Rice University researchers say 2-D boron may be best for flexible electronics
Though they’re touted as ideal for electronics, two-dimensional materials like graphene may be too flat and hard to stretch to serve in flexible, wearable devices. “Wavy” borophene might be better, according to Rice University scientists.
The Rice lab of theoretical physicist Boris Yakobson and experimental collaborators observed examples of naturally undulating, metallic borophene, an atom-thick layer of boron, and suggested that transferring it onto an elastic surface would preserve the material’s stretchability along with its useful electronic properties.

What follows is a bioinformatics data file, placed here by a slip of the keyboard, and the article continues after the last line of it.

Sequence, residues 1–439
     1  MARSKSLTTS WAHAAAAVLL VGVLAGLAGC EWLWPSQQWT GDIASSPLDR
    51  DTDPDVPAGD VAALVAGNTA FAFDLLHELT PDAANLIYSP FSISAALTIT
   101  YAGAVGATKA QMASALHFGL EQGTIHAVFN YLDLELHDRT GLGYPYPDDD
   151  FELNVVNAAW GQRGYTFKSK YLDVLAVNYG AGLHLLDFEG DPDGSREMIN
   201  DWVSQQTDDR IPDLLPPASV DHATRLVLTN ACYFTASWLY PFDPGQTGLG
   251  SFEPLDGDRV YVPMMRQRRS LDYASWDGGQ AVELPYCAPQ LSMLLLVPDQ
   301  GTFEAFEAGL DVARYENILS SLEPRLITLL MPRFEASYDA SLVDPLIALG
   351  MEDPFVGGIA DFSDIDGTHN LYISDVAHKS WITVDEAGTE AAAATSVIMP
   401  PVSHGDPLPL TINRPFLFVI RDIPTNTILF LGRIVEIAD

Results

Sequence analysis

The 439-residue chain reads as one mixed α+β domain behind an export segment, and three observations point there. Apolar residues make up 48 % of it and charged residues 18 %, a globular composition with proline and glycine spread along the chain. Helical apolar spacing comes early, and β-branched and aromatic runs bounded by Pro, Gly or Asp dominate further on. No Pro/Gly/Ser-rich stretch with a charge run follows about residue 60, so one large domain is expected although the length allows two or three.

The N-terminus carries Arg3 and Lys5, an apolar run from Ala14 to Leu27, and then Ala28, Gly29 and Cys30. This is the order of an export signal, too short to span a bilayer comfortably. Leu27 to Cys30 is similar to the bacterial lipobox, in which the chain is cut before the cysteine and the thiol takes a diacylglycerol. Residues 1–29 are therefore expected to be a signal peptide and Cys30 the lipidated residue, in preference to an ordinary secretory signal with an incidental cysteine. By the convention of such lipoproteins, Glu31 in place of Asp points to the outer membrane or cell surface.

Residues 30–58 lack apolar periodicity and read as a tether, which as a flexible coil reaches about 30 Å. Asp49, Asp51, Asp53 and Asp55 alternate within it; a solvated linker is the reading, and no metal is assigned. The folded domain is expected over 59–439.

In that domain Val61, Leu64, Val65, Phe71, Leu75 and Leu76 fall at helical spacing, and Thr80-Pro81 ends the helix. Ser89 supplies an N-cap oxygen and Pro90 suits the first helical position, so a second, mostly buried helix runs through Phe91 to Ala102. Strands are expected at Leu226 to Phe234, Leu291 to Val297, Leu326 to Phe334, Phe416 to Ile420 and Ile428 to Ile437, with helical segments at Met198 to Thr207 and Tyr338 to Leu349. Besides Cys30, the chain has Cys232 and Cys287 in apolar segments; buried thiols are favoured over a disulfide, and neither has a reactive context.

Highly conductive graphene has promise for flexible electronics, Yakobson said, but it is too stiff for devices that also need to stretch, compress or even twist. But borophene deposited on a silver substrate develops nanoscale corrugations. Weakly bound to the silver, it could be moved to a flexible surface for use.
The research appears this month in the American Chemical Society journal Nano Letters.